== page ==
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Blowing 30amp aux fan fuse

eaglerider94 on Wed August 07, 2013 12:04 PM User is offline

Year: 1994
Make: BMW
Model: 525i
Refrigerant Type: 134a
Country of Origin: United States

Recently blew 30amp aux fan fuses twice. The 3rd time, all of the freon blew out of the "safety" plug of the drier. Is this related to the blown fuses? What should I be looking at before refilling the system as I am concerned this had something to do with the blown fuses. Resistor going bad?

mk378 on Wed August 07, 2013 12:10 PM User is offline

Most likely, the fan motor is bad or there is a frayed wire shorting out.

Overheating of the condenser after the fan stops causes overpressure. So yes, that was related. You need to fix the fan first.

Edited: Wed August 07, 2013 at 12:12 PM by mk378

eaglerider94 on Wed August 07, 2013 5:31 PM User is offline

Thanks MK, I'll check the high and low operation of the fan as well as the resistor.

emsvitil on Thu August 08, 2013 2:12 AM User is offlineView users profile

Is the compressor coil on the same fuse?

If so, the coil may be partially internally shorted.


NickD on Thu August 08, 2013 9:30 AM User is offline

One good idea what replacing the pressure release valve that was used for years with a high pressure cut off switch. Surprised your 94 BMW wasn't equipped with that. But prior to the EPA getting involved and R-12 was something like 25 cents a pound, who cared? BMW must have tossed in an older dryer in your vehicle. Would definitely install a high pressure cut off switch in series with the clutch coil.

mk378 on Thu August 08, 2013 9:43 AM User is offline

Also stop up the hole with tape or something until you can make repairs. It's important to keep water, including moist air, out of the system.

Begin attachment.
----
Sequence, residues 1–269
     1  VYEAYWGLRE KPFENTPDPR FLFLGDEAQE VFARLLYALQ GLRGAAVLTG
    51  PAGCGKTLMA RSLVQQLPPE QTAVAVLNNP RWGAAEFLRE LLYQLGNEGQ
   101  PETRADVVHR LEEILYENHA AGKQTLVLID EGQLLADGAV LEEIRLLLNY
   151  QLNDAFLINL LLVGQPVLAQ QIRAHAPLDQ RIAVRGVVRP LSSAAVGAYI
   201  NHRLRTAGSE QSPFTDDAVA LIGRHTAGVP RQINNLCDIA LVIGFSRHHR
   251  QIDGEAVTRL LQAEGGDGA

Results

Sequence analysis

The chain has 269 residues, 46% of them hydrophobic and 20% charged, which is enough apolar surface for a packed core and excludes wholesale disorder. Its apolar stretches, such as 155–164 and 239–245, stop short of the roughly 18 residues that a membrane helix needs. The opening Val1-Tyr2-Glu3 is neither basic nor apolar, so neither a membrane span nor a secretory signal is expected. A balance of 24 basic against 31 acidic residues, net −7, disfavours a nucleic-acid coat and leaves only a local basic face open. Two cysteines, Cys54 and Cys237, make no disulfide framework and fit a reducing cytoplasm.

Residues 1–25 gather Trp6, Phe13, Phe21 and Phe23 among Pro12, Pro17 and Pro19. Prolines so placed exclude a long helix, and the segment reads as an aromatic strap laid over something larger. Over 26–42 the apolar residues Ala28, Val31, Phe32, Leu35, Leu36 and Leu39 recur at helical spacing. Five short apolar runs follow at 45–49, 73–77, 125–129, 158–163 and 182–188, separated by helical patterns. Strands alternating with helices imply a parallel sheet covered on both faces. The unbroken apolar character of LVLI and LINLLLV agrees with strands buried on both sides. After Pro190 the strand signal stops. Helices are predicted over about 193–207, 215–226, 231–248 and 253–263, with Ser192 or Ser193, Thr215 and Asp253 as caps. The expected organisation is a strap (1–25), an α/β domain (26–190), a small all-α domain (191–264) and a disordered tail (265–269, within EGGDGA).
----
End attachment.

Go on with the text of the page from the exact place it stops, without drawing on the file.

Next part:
eaglerider94 on Sun August 11, 2013 11:15 PM User is offline

eaglerider94 on Sun August 11, 2013 11:23 PM User is offline

Funny thing is, my dryer had the pressure relief valve AND the high pressure cut off switch attached to it. It must have worked because it stopped the compressor from working once the freon was blown out.

Anyway, I removed the aux. fan resistor to find out what the ohm reading was. Resistor is labeled: 85W at .5 ohm.

I set the ohm meter to 2K and got a reading of .001. Is this an open (defective) resistor?

Edited: Sun August 11, 2013 at 11:24 PM by eaglerider94

NickD on Mon August 12, 2013 7:15 AM User is offline

Not strange at all if you BMW has a cycling switch, need at least 45 PSI of static pressure before it will close to enable the compressor.

Depends on the lowest range of your ohmmeter, with a VOM 200 ohms maximum is way too high, need one with a 2 ohm ranger to read 0.5 ohms accurately, they cost more than ten bucks. You do know that its not blown open, but know that anyway, because if it was blown open, you wouldn't be blowing any fuses.

Did you try to hand spin your fan bladed? Could have a seized bearing, if it can't spin, would blow a fuse instantly, also shorted turns in the motor would do that, or a broken brush spanning two commutators. Really doesn't make much difference any way if you try to take these motors apart to attempt to repair them, redefines the meaning of throwaway. Also clarifies the meaning of that word, sh!t.

mk378 on Mon August 12, 2013 9:35 AM User is offline

It seems like the resistor would just be in series with the motor to slow it down on low speed. No matter how the resistor might fail, it wouldn't blow the fuse. Like Nick said, check the motor thoroughly. You could connect it directly to a battery and measure how much current it uses.

Leggie on Mon August 19, 2013 10:12 PM User is offline

What does the blown fuse look like? Blistered or slow melt? Obliterated? This should tell you the cause.

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